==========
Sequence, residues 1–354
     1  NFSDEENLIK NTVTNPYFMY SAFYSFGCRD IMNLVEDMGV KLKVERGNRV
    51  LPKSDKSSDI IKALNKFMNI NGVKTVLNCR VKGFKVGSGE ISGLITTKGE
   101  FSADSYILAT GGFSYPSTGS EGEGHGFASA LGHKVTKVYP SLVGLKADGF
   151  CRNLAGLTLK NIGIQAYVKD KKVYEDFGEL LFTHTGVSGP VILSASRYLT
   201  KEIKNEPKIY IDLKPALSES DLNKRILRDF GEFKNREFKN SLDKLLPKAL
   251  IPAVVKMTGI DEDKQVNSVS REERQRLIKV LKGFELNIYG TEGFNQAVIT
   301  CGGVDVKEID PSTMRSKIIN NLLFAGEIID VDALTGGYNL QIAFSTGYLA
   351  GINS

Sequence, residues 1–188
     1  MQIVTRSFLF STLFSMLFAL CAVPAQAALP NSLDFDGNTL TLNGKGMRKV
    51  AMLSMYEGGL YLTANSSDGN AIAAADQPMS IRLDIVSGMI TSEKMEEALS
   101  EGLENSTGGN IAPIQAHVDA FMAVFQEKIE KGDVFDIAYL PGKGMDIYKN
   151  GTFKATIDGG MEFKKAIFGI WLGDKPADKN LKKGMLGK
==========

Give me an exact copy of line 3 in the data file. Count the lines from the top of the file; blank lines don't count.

    51  LPKSDKSSDI IKALNKFMNI NGVKTVLNCR VKGFKVGSGE ISGLITTKGE